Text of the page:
At its 1978 session, the Commission on Human Rights accordingly set up an open-ended working group to consider the alternative drafts for an international convention against torture and other cruel, inhuman or degrading treatment or punishment that had been prepared by Sweden (E/CN.4/1285) and by the International Association of Penal Law (E/CN.4/NGO/213). On 7 March 1978, the Commission adopted resolution 18 (XXXIV), by which it took cognizance of the report of the working group, and requested the Secretary-General to transmit all the relevant documents of the Commission on the topic to Governments of Member States and members of the specialized agencies for their comments and to prepare a summary of the comments received. The Commission on Human Rights further requested the Secretary-General to transmit its resolution to the General Assembly, together with the relevant chapter of the Commission’s report to the Economic and Social Council, as constituting the Commission’s progress report. At the same session, the Commission also proposed a draft decision for adoption by the Economic and Social Council, by which the Council would authorize the holding of a meeting of a working group, open to all members of the Commission, for one week before the Commission’s 1979 session in order to prepare concrete proposals for the draft convention. In addition, the Commission decided that the working group concerned with analyzing alternative approaches and ways and means within the United Nations system for the promotion and encouragement of human rights and fundamental freedoms should combine this, its principal task, with the work on the draft convention (E/1978/34).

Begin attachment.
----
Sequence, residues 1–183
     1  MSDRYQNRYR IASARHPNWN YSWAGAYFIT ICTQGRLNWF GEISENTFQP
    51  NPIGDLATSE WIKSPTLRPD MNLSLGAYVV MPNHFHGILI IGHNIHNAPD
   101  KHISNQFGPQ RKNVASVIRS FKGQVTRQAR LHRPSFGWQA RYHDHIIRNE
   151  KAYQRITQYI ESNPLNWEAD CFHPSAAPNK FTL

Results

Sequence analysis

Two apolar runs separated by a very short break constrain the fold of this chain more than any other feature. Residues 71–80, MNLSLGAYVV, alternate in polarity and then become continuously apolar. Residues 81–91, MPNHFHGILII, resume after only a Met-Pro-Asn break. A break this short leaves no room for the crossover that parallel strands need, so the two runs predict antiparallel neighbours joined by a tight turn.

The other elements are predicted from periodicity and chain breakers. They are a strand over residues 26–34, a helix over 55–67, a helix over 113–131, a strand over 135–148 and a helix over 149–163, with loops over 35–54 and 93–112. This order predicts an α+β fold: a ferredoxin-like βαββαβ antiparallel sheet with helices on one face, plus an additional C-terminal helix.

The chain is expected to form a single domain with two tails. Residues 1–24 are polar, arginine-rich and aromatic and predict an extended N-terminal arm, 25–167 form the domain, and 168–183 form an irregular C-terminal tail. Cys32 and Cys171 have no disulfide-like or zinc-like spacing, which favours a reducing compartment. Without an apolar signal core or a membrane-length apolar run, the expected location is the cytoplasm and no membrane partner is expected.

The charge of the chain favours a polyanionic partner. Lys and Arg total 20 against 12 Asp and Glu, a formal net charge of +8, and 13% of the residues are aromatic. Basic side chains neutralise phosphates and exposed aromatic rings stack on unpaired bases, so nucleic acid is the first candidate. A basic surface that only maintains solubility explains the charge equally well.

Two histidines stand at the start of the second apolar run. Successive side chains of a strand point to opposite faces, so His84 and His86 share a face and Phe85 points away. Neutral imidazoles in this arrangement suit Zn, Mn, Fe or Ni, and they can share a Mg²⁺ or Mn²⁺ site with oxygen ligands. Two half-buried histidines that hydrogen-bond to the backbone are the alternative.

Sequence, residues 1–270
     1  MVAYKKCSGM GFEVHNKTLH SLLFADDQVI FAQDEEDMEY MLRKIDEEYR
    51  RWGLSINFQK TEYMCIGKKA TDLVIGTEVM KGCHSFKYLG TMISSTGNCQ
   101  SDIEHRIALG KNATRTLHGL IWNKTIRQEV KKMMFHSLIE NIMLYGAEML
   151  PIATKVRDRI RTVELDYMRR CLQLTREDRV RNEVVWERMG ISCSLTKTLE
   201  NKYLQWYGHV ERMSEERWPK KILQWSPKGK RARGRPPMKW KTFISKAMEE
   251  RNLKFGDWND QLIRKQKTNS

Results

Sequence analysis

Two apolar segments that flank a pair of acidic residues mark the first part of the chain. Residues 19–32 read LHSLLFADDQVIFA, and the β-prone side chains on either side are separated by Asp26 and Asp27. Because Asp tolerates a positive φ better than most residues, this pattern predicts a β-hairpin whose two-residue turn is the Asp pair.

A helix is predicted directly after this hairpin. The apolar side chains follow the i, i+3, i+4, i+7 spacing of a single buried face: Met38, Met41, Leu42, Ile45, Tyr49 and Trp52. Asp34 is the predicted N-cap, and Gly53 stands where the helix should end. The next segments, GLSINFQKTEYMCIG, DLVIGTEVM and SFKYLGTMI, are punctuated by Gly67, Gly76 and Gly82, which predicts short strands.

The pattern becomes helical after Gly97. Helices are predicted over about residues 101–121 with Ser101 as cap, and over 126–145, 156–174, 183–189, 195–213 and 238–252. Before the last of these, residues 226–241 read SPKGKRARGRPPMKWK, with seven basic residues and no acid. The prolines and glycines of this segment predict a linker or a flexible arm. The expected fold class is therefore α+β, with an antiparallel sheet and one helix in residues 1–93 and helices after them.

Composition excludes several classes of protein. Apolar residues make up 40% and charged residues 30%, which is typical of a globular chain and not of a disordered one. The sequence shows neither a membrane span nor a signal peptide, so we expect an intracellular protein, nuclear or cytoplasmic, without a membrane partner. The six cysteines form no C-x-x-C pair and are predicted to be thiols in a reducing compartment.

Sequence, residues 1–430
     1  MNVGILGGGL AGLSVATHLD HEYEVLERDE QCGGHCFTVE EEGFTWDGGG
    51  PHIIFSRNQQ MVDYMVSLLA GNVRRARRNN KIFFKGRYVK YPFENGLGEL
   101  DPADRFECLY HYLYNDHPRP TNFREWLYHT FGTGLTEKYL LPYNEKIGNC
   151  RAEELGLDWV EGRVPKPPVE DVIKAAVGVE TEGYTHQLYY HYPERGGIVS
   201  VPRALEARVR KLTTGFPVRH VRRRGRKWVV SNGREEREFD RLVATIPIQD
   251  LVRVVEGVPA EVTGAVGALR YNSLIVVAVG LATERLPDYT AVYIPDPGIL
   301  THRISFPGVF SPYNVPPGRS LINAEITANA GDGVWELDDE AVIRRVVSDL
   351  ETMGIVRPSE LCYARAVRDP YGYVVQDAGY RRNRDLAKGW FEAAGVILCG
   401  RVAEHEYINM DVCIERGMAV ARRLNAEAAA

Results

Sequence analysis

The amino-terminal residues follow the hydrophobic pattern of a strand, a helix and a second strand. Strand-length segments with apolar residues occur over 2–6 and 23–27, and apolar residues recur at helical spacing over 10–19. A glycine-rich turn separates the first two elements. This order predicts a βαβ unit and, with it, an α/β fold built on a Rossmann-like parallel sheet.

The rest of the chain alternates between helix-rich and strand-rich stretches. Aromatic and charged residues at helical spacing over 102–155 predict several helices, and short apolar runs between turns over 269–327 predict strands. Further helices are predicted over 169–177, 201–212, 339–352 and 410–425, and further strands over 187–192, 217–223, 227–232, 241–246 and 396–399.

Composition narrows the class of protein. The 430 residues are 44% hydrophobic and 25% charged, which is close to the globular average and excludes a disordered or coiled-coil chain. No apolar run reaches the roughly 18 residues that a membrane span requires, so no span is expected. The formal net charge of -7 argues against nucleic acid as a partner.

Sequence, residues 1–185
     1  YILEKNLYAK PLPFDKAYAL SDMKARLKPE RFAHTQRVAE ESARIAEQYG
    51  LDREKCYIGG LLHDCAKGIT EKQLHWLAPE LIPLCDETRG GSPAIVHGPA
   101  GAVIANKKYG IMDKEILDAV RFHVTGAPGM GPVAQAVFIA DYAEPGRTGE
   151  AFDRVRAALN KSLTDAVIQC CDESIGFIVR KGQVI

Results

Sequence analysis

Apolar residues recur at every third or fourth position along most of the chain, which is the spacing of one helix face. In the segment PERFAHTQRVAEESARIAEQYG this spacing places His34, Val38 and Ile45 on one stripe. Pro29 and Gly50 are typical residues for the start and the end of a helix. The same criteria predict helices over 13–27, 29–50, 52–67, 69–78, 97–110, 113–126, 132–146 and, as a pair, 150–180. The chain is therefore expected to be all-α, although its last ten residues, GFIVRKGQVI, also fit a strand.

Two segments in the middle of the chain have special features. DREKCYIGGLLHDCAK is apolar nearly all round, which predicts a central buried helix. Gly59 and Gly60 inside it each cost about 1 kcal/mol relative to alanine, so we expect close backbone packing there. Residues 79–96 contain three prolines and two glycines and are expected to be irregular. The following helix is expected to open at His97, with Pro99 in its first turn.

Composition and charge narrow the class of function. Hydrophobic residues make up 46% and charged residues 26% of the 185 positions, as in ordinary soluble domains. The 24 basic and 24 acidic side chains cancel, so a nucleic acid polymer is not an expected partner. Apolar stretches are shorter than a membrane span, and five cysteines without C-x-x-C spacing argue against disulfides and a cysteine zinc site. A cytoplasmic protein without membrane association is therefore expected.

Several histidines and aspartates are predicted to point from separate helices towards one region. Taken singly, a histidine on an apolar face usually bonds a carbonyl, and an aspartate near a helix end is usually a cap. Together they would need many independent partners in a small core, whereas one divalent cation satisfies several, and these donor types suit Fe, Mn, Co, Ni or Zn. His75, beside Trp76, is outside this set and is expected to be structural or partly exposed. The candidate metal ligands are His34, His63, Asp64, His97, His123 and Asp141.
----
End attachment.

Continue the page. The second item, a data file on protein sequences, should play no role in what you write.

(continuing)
On 5 May 1978, the Economic and Social Council adopted, without a vote, decision 1978/24, by which it approved the Commission on Human Rights’ recommendation concerning the pre-session working group meeting. It also decided to request the Secretary-General to transmit to the General Assembly the Commission’s resolution concerning the draft convention, together with the relevant chapter of the Commission’s report.

At the thirty-third session of the General Assembly, in 1978, the item relating to torture or other cruel, inhuman or degrading treatment or punishment was again referred to the Third Committee for consideration. On 20 December 1978, on the recommendation of the Third Committee, the General Assembly adopted resolution 33/178, in which it took note of the progress report of the Commission on Human Rights and requested it to give high priority, at its following session, to the question of drafting a convention on torture.